Feb Blog | Lent in the Time of COVID | By Deacon Jim Obradovich
The liturgical season of Lent begins in just a few weeks. On Wednesday, Feb. 17, Ash Wednesday, we begin the annual 40-day period where we strive to grow closer to God. We work to leave sin behind and avoid the temptations that lead to sin.
We do this in preparation for the celebration of Triduum – the Last Supper (Holy Thursday,) the Lord’s Passion and Death (Good Friday,) and his Resurrection (Easter.)
In our faith tradition, we each are called to give up something during Lent. As we move into month 10 of the pandemic one can easily ask themselves: “What more can I give up for Lent? For the last 10 months I’ve given up seeing family and friends in person. I’ve given up going out to eat. I haven’t seen a movie in a movie theater for nearly a year and heck, I’m almost used to wearing a face mask.”
Let’s admit it, Lent 2021 may not be the best year to “give something up.” So how about adding something to your life for 40 days?
How about adding some prayer? It can be as simple as every morning saying, “God, I thank you for this day.” What about saying an “Our Father” or a “Hail Mary” before lunch or ending the day with heartfelt prayer of thanks? If you prefer formal style prayers, that’s great also. The Rosary is a most blessed prayer. So is the Divine Mercy Chaplet.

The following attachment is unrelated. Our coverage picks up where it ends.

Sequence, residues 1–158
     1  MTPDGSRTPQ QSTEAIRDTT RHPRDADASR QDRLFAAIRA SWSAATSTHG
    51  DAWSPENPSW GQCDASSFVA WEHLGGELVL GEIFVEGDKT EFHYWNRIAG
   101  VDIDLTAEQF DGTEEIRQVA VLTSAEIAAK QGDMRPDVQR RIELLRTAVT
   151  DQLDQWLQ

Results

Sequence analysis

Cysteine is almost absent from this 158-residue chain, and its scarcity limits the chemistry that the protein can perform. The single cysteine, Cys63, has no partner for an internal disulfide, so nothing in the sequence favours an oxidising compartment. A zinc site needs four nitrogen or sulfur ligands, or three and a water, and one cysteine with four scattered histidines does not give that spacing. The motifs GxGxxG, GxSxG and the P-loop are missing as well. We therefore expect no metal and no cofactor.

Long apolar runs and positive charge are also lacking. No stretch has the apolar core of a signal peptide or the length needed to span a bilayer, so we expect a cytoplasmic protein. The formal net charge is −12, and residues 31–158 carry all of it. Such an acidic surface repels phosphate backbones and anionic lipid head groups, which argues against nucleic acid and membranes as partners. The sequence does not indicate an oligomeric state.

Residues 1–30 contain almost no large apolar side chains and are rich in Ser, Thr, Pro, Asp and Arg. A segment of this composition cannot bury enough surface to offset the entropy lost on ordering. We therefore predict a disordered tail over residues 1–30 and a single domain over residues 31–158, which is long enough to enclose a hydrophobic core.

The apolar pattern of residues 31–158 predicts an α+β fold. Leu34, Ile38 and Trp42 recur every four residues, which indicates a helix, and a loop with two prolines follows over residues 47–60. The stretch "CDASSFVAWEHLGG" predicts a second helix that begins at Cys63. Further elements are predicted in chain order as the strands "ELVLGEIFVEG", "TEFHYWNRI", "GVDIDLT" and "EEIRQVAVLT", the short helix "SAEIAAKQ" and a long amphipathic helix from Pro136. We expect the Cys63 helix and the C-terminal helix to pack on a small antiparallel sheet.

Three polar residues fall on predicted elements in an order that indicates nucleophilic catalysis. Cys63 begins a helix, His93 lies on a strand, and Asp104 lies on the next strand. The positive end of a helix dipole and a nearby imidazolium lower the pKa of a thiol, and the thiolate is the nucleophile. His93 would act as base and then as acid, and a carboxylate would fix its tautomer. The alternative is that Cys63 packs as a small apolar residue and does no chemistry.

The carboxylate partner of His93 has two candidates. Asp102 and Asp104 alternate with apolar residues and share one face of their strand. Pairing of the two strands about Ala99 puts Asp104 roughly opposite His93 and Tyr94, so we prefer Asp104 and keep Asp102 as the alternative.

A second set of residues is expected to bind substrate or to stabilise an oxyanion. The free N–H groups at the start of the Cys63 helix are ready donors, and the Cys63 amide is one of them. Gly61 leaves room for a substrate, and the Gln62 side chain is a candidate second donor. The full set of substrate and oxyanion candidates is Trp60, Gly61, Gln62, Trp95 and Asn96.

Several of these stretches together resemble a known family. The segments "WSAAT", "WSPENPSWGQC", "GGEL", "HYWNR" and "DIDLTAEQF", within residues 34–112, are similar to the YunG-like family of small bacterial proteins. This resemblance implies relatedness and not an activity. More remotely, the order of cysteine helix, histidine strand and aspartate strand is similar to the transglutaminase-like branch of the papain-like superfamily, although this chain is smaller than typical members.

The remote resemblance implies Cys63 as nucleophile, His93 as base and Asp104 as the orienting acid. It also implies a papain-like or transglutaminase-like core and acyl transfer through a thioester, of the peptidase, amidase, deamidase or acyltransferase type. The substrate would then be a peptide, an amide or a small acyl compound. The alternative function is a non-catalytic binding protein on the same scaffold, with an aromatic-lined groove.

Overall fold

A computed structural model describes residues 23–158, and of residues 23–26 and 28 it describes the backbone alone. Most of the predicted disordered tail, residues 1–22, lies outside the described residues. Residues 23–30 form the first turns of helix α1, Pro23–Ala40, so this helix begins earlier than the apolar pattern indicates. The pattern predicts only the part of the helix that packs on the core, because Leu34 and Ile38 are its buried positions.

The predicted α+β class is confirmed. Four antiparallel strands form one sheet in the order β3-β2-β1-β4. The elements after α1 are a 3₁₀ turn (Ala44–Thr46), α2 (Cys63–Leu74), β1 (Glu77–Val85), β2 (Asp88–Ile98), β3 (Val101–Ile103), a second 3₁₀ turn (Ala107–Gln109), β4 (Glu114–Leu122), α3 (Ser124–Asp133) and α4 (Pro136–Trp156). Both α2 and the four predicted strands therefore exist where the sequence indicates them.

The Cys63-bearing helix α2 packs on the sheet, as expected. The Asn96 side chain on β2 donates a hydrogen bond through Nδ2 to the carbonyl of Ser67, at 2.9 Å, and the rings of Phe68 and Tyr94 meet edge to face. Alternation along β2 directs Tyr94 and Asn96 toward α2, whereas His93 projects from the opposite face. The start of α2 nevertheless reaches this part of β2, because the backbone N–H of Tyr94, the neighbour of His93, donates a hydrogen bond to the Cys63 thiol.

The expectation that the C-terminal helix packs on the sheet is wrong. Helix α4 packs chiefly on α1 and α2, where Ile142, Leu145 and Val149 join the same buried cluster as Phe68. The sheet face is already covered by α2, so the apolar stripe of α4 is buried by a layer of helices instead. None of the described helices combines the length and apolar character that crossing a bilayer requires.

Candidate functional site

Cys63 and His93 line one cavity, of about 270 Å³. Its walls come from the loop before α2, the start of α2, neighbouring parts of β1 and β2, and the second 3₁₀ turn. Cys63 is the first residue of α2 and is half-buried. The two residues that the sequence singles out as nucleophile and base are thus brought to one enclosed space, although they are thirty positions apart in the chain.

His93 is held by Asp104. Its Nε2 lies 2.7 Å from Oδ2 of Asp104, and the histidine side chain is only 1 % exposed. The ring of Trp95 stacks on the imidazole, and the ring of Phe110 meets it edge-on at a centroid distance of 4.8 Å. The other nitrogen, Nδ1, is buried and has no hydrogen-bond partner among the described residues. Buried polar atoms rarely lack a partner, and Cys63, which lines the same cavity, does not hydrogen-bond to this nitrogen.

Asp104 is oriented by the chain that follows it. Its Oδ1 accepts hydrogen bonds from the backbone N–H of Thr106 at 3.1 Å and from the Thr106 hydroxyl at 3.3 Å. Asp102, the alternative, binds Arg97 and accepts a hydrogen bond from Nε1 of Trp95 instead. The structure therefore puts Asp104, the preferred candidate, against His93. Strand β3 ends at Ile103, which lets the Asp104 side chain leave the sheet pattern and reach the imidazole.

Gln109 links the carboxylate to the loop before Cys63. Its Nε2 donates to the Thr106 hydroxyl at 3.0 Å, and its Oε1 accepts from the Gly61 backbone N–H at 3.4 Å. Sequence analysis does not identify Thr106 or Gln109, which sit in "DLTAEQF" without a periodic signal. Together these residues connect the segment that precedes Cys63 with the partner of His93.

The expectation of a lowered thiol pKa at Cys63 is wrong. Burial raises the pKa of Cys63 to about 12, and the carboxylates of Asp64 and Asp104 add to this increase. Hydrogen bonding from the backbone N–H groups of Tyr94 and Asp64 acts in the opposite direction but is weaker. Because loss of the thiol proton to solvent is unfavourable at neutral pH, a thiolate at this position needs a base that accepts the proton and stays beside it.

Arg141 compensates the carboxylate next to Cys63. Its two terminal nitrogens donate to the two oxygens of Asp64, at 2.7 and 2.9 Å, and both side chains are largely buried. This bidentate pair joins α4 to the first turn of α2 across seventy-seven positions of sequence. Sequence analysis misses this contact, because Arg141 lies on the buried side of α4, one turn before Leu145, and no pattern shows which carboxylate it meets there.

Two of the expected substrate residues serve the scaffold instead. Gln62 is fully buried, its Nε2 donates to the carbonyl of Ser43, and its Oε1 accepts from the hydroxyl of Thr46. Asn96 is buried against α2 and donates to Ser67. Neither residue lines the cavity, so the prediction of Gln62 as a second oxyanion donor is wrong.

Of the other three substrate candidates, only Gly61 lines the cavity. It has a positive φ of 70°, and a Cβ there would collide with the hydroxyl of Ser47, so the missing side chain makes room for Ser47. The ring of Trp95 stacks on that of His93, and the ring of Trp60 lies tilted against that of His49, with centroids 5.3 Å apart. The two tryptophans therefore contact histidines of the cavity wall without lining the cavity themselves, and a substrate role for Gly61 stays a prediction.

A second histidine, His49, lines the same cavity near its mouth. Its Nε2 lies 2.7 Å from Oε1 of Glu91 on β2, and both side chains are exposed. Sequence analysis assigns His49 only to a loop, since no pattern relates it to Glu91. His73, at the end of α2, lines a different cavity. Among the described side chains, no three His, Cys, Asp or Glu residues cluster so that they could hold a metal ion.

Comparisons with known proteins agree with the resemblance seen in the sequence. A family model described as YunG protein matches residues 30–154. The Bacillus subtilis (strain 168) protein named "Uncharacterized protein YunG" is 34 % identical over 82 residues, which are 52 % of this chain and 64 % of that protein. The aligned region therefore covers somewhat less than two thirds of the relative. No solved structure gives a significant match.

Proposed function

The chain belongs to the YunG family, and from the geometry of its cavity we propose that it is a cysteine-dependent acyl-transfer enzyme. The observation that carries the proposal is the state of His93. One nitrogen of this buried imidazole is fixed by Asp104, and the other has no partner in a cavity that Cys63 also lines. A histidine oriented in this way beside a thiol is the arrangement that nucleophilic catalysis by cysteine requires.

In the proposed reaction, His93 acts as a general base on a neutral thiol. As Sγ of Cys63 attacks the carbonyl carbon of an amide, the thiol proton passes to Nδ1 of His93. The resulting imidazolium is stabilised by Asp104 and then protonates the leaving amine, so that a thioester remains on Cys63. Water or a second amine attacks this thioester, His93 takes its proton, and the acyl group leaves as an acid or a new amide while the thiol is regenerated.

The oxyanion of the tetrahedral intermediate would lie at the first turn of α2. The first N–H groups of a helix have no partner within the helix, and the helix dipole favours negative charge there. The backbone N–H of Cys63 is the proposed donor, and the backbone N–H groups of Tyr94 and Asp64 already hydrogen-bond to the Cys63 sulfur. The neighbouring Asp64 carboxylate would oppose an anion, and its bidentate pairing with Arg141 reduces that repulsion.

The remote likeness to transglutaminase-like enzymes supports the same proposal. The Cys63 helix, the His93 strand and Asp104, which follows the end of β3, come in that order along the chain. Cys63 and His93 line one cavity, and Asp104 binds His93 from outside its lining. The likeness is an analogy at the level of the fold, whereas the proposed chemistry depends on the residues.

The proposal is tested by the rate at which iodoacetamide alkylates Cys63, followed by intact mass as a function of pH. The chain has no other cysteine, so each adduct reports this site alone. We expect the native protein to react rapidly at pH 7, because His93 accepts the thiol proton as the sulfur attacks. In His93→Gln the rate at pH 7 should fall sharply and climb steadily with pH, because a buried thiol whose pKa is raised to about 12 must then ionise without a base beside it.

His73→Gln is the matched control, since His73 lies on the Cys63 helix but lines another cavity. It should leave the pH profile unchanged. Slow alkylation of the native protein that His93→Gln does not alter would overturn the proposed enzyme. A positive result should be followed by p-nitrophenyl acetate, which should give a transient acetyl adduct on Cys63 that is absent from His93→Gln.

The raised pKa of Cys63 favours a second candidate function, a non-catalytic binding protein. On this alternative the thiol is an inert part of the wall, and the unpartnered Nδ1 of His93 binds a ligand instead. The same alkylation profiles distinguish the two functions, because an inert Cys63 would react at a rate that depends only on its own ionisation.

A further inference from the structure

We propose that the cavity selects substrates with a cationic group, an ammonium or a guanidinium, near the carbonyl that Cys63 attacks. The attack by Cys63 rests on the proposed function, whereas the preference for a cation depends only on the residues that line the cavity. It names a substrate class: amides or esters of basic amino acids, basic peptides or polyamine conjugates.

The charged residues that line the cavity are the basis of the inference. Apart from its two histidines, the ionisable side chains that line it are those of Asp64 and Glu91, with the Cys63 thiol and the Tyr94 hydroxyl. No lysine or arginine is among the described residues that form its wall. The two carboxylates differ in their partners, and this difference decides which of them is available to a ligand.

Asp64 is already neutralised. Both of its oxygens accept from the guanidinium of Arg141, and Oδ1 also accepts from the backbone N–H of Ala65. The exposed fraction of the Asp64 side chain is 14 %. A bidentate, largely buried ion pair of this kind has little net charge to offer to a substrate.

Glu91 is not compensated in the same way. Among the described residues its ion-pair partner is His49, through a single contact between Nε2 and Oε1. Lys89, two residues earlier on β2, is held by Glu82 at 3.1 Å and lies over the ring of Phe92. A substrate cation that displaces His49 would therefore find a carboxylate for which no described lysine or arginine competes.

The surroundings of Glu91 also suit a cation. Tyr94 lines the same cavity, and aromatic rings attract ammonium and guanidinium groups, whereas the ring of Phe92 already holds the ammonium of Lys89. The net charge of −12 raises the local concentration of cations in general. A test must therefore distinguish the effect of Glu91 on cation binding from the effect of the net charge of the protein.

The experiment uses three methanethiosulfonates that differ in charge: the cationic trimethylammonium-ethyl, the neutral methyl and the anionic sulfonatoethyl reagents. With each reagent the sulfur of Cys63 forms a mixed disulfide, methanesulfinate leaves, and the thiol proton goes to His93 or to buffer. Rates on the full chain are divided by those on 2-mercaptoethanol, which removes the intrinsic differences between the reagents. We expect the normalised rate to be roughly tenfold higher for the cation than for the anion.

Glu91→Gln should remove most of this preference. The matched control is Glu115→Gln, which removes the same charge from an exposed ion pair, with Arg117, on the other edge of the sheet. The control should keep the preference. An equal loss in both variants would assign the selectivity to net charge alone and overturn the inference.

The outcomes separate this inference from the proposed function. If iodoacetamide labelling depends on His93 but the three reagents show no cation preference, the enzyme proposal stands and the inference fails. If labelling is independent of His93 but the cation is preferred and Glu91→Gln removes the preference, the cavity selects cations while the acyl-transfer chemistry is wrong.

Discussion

Have you tried Lectio Divina? Don’t let the Latin scare you off. It’s the practice of reading some Scripture and then reflecting and praying on what you’ve just read. Try it. Open your Bible and read a few sentences or a paragraph. Then let the word of God “rest” in your heart and mind. Let God know what your soul tells you as you read and contemplate the inspired word of God.
How about taking time, once a week, during Lent and making a telephone call to a family member or friend you haven’t talked to for quite some time? Reconnect! Have an actual conversation, not an exchange of emails, but a real person-to-person discussion. Find out how they’ve been holding up in these unique and trying times. Be a voice of love, compassion and companionship in a time when that is so needed by so many.
These are just a few ideas; I’m sure you can come up with many more.
Yes, Lent 2021 may be the time to “add” rather than “give up” something. Whatever you do to participate in Lent and prepare the way in your heart for Jesus, may you experience a blessed Lent that leads you closer to the love of God and that prepares us to celebrate Jesus’ resurrection on Easter